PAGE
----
Every website has a purpose. Maybe you want people to buy a product, donate to your cause, download your app, or subscribe to your mailing list. How can you confidently modify your site to make it more effective with respect to this goal?

A/B testing is a process by which multiple variants of a website are presented to different users randomly and statistical tools are used to see whether any variant is more effective, according to an overall goal metric such as conversions or revenue.

A/B testing and its kin are used frequently by large web properties you know and trust, like Google, Amazon, and Microsoft. Success stories abound.

Getting results with “confidence”

Suppose you want to know if a coin is fair or not, so you decide to flip it five hundred times. It came up heads 316 times—that’s heads 63% of the time, rather than the expected 50%. Can you confidently say that this coin is not fair?

Now what if you’d stopped after 250 trials, at which point it was 57% heads. Could you say it’s not fair then? What if you’d stopped after the first ten trials, where you got five heads and five tails. Could you stop then and confidently say that it is fair?

Statistics gives us a way to quantify the intuitive notion of “confidence” that we feel when we say that it’s an unfair coin after 500, but might not be sure either way after just ten trials. The confidence interval is the probability that the variation observed between the variant and the control *cannot* be due to normal variation within the results. For our coin-flipping example, then, it’s the probability that the variation from the expected result (it not being heads exactly 50% of the time) could simply result from random variation.

After all, if we flip 100 coins, we’re not always guaranteed that we’ll get fifty heads and fifty tails. There’s a certain amount of normal variation. We want to be confident that the effect we observe actually means the coin is not a fair coin. “Confident” is normally quoted at the 95% confidence interval (a 1 in 20 chance that we have a false positive) and we say “very confident” at 99%.

When an experiment has been completed, ShrimpTest will tell you both what the difference was between each candidate and the control, and the confidence interval of this result. Smaller differences are harder to observe, so you need more trials to confidently detect a difference, while larger differences are easier and thus take fewer trials. Results without 95% confidence or results quoted before an experiment completes should not be used to make decisions.

What A/B testing is not

A/B testing is a great tool as it can tell you with confidence that one treatment of your website is better than another, taking the guesswork out of the design process. However, if you have a need to understand why your visitors are behaving a certain way, or prefer a certain treatment, qualitative methods such as focus groups or surveys would be required. A/B testing cannot tell you why one treatment is better than another.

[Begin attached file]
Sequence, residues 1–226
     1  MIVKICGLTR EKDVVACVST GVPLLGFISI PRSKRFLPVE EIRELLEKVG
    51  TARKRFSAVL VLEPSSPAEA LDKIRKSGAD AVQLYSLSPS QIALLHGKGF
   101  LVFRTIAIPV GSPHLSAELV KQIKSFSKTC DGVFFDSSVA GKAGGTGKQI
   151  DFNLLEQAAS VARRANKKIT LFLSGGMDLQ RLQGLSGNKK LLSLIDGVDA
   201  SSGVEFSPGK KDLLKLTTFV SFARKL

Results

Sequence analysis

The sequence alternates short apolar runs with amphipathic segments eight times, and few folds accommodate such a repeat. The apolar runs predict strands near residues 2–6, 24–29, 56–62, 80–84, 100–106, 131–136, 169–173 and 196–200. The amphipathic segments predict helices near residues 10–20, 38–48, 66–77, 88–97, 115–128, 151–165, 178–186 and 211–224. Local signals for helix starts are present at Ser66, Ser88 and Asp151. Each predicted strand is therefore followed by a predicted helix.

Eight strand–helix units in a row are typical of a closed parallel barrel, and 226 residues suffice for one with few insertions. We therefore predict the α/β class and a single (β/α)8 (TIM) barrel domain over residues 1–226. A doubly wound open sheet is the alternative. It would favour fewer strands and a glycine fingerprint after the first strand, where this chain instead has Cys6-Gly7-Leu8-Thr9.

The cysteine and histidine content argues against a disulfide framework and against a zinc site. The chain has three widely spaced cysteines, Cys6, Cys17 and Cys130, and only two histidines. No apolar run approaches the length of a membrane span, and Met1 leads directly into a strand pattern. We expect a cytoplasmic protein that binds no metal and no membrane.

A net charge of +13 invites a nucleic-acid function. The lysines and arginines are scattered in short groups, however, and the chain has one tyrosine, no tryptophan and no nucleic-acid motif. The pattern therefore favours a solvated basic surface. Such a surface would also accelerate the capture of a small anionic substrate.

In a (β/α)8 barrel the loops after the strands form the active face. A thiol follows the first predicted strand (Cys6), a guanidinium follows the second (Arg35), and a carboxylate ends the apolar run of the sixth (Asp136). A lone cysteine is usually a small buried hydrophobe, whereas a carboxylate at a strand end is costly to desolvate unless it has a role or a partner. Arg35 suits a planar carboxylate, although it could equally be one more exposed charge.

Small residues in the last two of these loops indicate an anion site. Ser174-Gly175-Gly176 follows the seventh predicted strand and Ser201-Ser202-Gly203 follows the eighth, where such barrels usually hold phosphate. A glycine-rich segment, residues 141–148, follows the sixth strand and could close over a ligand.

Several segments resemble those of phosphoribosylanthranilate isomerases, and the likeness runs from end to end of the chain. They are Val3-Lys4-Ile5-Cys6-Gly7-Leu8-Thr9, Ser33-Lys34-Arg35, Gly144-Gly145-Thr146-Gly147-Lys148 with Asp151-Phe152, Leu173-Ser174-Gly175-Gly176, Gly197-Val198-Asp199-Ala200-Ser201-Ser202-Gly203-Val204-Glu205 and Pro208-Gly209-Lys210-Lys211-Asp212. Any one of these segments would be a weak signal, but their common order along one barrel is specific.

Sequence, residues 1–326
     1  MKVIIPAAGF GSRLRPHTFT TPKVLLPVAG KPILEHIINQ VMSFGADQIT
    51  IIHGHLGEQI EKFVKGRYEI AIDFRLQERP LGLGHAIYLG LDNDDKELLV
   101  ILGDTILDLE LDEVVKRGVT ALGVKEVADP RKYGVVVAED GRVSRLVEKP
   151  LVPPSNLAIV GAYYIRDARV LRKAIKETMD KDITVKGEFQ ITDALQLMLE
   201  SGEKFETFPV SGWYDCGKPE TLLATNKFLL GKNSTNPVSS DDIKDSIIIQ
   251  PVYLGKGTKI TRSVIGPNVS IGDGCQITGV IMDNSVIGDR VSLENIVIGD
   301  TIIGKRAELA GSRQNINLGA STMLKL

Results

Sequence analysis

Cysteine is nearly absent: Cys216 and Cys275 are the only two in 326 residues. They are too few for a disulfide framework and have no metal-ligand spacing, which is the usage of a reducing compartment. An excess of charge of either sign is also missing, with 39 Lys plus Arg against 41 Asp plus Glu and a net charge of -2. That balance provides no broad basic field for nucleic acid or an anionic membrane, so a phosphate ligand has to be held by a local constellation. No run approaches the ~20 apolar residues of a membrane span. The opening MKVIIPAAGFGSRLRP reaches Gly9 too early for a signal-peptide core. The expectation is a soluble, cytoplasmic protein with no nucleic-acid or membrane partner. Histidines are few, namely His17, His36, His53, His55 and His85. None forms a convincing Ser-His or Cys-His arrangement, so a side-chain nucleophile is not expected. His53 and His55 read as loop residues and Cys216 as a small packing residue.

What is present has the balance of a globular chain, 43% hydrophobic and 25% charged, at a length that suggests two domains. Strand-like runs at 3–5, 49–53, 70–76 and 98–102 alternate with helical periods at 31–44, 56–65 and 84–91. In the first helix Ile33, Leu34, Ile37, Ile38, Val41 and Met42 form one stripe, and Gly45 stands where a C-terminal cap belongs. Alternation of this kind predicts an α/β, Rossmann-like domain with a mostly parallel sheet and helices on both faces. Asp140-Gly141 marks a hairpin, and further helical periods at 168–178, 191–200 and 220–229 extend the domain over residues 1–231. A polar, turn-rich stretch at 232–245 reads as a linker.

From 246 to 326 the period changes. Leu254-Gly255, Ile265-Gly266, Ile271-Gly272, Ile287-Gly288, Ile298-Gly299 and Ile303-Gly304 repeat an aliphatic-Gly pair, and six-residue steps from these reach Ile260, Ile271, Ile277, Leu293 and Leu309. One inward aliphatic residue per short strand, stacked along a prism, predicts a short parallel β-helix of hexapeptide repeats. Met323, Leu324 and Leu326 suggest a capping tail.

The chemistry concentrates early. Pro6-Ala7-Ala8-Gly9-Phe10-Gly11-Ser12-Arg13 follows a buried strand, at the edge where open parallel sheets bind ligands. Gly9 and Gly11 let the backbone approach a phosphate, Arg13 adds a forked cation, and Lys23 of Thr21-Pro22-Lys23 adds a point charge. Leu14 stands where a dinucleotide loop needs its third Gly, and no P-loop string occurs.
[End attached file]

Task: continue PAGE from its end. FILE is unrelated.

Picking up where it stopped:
This makes it doubly important to agree upon a goal metric ahead of time. Is your goal to increase pageviews? Conversions? Repeat visit rates? Purchases? Total revenue? Changing the goal posts down the line makes it harder—and often impossible—to know which variant is best.

A/B testing also is only a tool: it won’t point you to other variations that you should be testing and thus is not a replacement for good design. The usefulness of testing is limited by the tests that you set up. If you only test very slight variations, you’ll only learn about the relative effectiveness of those variants. There’s no guarantee that a radically different design, layout, header, etc., wouldn’t do better if you tried. Luckily, some references (such as ABTests.com) exist to give you some ideas of what kinds of variation you can test.

Finally, A/B testing will only compare the effectiveness of variants within that single experiment, assuming all other variables to be constant. This means that you should refrain from running multiple experiments against the same goal metric. For example, perhaps you want to create a button which people want to click. If you vary the size of the button as one experiment, and the text on the button as another experiment, the results of both experiments would become invalid.

If you do have a particular need for seeing how the combination of different parameters conspire to become more or less effective (called “interactions”), the more advanced method of multivariate testing is required. ShrimpTest does not offer multivariate testing.

Next steps:

If you would like to dive right into testing, learn about creating experiments and interpreting results with ShrimpTest. Alternatively, read more about A/B testing best practices.

Learn more:

Some good references for A/B testing on the web:

Most of the material in this section is covered in my talk on ShrimpTest: